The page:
Randers will be playing this season’s home games wearing this smart shirt by Puma. The shirt is predominantly sky blue with a darker shade of blue on the shoulders. Just by this description alone it sounds like it is nothing special. But what really makes the shirt stand out is the design on the body. It is almost as if if it has come out of an old dot-matrix printer. However, rather than looking old-fashioned, it actually has a very modern feel to it.
Randers proudly state on the club’s online store that they are using this design before some of Europe’s top clubs. This could mean that we may see other clubs using this template in the future. However, when a shirt is this nice, I don’t mind seeing it again.
Odense BK away
Hans Christian Andersen, the author of some of the most well-known fairy tales, was born in Odense many, many years ago. Statues depicting characters from his fairy tales can be found around the city and his childhood home is now a museum.
However for local football club Odense BK, fairytale seasons have been few and far between. Odense have had some degree of success in their history as they have won the Danish title on three occasions and Danish cup five times but unfortunately they haven’t lifted silverware since 2007.
Odense will be hoping to add to their trophy cabinet wearing this lovely away shirt designed by Hummel. The shirt is predominantly black, with the Hummel chevrons on the shoulder. The club’s colours of blue and white run vertically down the left of the shirt but what really makes the shirt unique is the embossed dragon on the front. This is a reference to the ‘Funen Lindorm’, a symbol of Funen, the island where Odense is located. Legend says that the dragon watches over the island and protects it from enemies.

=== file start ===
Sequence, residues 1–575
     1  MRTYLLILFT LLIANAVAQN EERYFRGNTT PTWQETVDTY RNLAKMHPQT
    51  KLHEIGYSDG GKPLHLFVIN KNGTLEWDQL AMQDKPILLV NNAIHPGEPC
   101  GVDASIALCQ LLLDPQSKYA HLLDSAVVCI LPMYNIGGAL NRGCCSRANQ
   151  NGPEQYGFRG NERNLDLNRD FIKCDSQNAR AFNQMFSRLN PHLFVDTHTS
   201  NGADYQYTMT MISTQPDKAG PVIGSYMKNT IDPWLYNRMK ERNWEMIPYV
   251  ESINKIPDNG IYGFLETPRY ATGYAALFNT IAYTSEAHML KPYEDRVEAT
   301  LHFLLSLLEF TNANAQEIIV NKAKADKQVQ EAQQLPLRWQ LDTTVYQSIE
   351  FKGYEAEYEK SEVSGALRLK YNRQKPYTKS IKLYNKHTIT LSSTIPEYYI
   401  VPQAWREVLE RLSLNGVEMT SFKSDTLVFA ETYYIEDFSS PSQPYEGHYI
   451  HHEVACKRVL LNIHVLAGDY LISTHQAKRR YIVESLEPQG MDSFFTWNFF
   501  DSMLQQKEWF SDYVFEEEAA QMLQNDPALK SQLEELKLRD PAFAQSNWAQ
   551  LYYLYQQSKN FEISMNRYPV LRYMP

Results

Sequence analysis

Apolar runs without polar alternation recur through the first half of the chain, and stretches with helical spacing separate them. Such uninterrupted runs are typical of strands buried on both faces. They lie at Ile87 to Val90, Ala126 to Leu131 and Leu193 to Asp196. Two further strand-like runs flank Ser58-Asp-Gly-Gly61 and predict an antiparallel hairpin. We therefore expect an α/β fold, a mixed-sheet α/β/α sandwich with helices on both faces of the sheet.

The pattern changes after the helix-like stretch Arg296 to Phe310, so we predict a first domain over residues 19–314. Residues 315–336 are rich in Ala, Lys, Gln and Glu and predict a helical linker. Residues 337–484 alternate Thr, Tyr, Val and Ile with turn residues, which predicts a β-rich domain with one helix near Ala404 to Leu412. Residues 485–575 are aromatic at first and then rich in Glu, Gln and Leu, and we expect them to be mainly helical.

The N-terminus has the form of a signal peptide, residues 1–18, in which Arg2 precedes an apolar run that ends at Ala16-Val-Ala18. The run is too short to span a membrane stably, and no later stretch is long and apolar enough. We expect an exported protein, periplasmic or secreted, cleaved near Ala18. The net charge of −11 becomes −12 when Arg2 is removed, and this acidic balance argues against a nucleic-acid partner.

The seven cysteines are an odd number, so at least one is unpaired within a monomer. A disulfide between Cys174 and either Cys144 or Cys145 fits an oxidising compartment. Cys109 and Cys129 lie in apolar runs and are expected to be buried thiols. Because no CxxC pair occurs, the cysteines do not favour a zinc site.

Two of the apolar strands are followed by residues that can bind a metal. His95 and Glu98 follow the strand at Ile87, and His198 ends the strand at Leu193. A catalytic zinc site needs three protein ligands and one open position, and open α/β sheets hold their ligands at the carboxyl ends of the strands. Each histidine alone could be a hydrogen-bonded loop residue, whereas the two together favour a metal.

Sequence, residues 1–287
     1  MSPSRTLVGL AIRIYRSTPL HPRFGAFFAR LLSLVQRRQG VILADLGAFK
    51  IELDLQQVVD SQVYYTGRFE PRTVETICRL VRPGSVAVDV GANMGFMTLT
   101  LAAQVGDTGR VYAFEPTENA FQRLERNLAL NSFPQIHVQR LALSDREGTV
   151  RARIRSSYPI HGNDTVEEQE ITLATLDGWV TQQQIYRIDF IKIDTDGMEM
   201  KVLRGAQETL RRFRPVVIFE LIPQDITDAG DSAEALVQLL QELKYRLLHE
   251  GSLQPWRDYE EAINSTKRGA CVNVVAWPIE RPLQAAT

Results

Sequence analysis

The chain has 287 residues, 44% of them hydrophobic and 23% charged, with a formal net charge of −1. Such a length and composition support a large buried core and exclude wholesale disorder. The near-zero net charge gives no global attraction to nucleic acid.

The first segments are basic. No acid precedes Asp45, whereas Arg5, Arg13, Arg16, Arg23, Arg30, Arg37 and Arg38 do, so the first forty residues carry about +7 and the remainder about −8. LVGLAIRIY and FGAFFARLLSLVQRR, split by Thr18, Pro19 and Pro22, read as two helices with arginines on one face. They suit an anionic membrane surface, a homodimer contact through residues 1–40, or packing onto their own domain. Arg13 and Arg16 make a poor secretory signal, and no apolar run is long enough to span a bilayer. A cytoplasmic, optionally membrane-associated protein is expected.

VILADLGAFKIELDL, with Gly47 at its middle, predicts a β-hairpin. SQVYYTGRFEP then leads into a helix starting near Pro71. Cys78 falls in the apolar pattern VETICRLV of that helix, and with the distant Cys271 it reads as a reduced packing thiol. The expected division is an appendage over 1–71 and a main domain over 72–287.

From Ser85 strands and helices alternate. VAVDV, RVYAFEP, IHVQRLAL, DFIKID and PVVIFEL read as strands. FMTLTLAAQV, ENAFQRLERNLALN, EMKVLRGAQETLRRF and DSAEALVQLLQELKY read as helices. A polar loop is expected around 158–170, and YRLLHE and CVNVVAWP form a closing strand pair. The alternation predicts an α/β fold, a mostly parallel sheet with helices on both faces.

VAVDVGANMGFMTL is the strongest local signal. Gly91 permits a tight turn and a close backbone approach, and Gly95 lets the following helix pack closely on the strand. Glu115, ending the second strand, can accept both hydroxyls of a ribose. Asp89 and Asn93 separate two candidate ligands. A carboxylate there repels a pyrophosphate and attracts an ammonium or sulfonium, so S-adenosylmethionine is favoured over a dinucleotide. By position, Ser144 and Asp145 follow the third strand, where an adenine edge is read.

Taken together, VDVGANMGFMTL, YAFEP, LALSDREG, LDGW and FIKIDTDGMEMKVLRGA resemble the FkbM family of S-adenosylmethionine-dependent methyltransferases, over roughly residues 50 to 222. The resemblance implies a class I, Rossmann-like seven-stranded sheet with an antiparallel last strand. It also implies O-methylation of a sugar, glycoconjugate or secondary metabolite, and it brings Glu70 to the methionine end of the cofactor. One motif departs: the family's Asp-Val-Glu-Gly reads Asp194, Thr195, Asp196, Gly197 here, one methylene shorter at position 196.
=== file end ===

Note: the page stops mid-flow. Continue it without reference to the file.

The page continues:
Whether the dragon will protect the club this season, remains to be seen. But whatever happens on their travels, they will at least be looking smart.
Vejle Boldklub home
If I’m honest, I have seen this Hummel template being used by other clubs this season.
However, using a template does not mean it is not a lovely shirt and I believe that this is best I’ve seen. The design is simple but elegant and the club colours have been used to great effect with white chevrons, neck and sponsor all complimenting the vibrant red. The white neck catches my eye as it almost seems to match to the edges of the club badge to the side of it. I’m sure the two are not connected but it certainly made me think of it.
Hummel have also added some design features to make it unique to the club. In 1958, not only did Vejie win the first of its five league titles but it also completed the double by winning the Danish Cup for the first time. This feat is remembered with embroidered, gold lettering under the Hummel name. Under the club badge, a motto is also embroidered and the nickname of that 1958 team is also on the back of the shirt.
It may not be one of Hummel’s most creative shirts, but it is certainly one of the most pleasing on the eye.